April Lidinsky, one of the five local writers who write
"Michiana Chronicles" for the local (South Bend, Indiana)
NPR station, broadcast this yesterday.
Friday, January 27, 2006
The Play's the Thing
Ok, folks – time for a literature quiz that should take you back
to, oh, maybe your Sophomore language arts class. So: Who said the
following line: “The play’s the thing/Wherein I’ll catch the
conscience of the king.” Anyone? Ah ... I see lots of hands.
And yes, “Hamlet” is correct. But with that line, Shakespeare
illuminates something larger than Hamlet’s desire for revenge.
That line reminds us that the best theater catches everyone’s
conscience, and makes all of us shift a bit in our seats.
Art is political– it’s about power.
A friend once gave me a t-shirt, decorated with Andy Warhol
images and the jaunty motto, “Art can’t hurt you.” I wore it a few
times, feeling pretty bohemian-hip, until a colleague said, “You know,
that t-shirt is totally wrong! It can too hurt.” And ... he was
right. To say art can’t hurt us is to say it doesn’t have any teeth, any
power– that art doesn’t matter. A quick reflection on the long
history of censorship reminds us that art has always been under suspicion
for blasphemy or sedition. Art makes arguments we don’t always want
But unlike editorials or ranting TV commentators, art rarely
presents one single perspective, which might be its greatest virtue.
Perhaps you, like me, have stood in front of a painting, or in a theater
lobby at intermission, muttering darkly, “Huh ... I don’t get
it.” Art, at its best, reminds us that we should never assume we
“get” anything at first glance. Even those pastel-pretty landscape
paintings by Claude Monet say to us, “You think you know what a
pile of hay looks like? Think again. Look at a haystack in this
light. And now late in the day. And again in a storm.
And again in wintertime.” First impressions are always partial, imperfect.
Art usefully undermines our assumption that we know it all; it keeps
us from thinking simply, and from simply taking sides.
In my college classrooms, sometimes students feel sopassionately
about ideas they want to pick a fight with everyone who disagrees
with them. Not so fast, I urge them – if you tell people
they’re full of hooey, you’ll only get an “Am not!” for every one of
your “Are too!”s. So how do you invite someone to try on a new
perspective? Well, reach back to your childhood, and remember
how those interactions with friends went. Something like: “Ok, now
you play like you’re a such-and-so, and then I’ll play like I’m a
something-or-other, and then let’s play like ...” and on and on.
Remember? Yeah – the play’s the thing. Trying on new roles is
a skill that weakens, sadly, with our harrowing passage to
But art reminds us to play with ideas. To empathize with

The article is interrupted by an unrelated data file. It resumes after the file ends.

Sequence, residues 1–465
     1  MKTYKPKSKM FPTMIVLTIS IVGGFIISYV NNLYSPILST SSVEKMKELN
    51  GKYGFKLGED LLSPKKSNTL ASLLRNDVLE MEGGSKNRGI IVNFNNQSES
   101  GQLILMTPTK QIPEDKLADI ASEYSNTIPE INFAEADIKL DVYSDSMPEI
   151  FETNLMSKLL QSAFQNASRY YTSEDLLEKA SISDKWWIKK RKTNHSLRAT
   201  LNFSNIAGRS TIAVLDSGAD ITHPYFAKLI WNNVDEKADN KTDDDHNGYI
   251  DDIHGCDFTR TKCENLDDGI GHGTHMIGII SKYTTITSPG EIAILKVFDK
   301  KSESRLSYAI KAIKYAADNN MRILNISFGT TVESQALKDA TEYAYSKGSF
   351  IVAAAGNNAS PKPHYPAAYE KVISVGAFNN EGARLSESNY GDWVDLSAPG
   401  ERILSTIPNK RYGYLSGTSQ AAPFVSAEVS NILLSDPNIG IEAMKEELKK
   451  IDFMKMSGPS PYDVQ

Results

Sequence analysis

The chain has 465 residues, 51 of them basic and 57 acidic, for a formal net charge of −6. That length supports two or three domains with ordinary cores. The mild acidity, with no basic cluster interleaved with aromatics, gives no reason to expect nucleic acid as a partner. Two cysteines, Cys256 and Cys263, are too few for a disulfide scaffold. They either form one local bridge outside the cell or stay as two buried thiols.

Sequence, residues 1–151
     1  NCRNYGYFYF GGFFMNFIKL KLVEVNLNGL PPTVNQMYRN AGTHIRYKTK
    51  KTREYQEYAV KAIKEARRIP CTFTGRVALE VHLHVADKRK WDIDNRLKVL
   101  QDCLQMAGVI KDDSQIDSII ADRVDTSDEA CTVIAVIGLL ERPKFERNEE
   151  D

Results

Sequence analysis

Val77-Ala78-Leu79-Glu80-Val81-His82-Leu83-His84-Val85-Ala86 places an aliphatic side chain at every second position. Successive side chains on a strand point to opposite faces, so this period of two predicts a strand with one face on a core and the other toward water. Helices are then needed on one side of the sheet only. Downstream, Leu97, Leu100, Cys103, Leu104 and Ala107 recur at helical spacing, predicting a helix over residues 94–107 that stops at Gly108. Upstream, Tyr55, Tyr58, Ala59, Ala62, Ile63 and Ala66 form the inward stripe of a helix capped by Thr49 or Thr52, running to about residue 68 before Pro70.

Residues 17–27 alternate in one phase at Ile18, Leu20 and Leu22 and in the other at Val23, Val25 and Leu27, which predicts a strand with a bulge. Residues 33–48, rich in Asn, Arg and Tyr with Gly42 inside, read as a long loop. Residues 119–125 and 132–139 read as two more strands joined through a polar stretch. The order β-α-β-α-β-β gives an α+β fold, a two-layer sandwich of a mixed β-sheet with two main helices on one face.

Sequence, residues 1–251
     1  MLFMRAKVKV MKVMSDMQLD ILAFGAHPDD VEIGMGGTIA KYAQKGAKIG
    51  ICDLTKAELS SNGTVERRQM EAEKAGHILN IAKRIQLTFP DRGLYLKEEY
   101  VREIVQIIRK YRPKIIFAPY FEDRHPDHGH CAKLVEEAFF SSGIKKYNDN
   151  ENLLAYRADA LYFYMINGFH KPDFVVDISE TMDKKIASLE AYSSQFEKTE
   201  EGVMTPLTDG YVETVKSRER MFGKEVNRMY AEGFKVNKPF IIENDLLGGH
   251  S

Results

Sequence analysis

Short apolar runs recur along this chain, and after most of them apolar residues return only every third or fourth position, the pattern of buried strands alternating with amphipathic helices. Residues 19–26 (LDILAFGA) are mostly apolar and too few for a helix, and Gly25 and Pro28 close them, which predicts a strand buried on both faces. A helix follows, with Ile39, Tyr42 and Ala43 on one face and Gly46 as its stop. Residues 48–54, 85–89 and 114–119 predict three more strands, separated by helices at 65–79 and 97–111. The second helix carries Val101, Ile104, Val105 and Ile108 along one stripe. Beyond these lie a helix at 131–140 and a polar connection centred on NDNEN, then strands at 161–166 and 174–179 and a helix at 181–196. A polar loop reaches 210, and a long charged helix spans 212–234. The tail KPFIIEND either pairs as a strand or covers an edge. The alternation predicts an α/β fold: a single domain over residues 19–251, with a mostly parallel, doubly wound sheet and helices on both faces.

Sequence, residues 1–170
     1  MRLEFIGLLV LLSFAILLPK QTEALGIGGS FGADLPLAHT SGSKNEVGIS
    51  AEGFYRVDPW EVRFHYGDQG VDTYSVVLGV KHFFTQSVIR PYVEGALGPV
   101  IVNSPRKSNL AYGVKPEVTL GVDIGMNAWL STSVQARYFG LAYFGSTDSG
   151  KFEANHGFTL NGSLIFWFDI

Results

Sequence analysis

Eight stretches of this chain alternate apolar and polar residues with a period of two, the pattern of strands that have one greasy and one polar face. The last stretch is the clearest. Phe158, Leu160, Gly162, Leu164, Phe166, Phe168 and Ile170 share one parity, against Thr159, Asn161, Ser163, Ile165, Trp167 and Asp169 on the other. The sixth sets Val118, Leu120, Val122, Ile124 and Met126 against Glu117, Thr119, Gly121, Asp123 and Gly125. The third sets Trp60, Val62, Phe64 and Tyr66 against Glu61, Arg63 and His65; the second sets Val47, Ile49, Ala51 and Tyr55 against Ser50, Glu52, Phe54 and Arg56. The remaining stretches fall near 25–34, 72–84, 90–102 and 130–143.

perspectives that stretch us, however uncomfortably.
And that is why I teach plays like Eve Ensler’s The Vagina
Monologues, and why college students everywhere have found power
in producing the play themselves, despite the controversy that
often surrounds it. The Vagina Monologues is a response – a creative
response – to a terrible truth about power, and that is that
women worldwide suffer – and resist – the mental and physical effects
of sexism in ways that are both readily apparent and everywhere
But instead of dashing off a rant in the face of gruesome
statistics, Ensler wrote a play, with a multitude of perspectives
for us to try on. Now I’m not comfortable, myself, with every
voice in that piece. But when I watch students practicing for
the production, I see the power of art at work as they inhabit
these different roles, empathizing with an amazing range of
human experience. I test myself by the students’ brave example:
How could I become a person who wouldn’t leave a battering husband?
How might I live a life in which fear or belief led me to
inflict violence on others? What would it be like not to
feel vulnerable in my own body? And I wonder,
why are these questions threatening to ask right now?
I think of a playwright controversial and censored in his own
time, Molière, and the pleasure I get every year when I attend the
exuberant undergraduate performance at Notre Dame, all in
French, and this year coming in February, just like some productions
of The Vagina Monologues. While full of humor, Molière’s political
satires still leave tooth marks, thanks to talented student performers
who inhabit his hypocritical, unjust, and foolishly lovable
characters so fully they feel familiar to us, despite the period costumes.
The cliché says that, “Life is not a dress rehearsal.” But how
much better off we’d be if we acted as if it were. Art strengthens
our atrophied empathy muscles. It says, play like you’re born into
a Bangkok slum and sold into sexual slavery. Play like you’re a
president. Play like you’re a person who lets someone tape a
bomb to your chest, and really feel the power of your belief, the
strange weight of metal and wires, the pull of the duct tape on your
What is your life like? And what powers of imagination might
revise your story?
The play is the thing. And the conscience that needs catching
is always our own.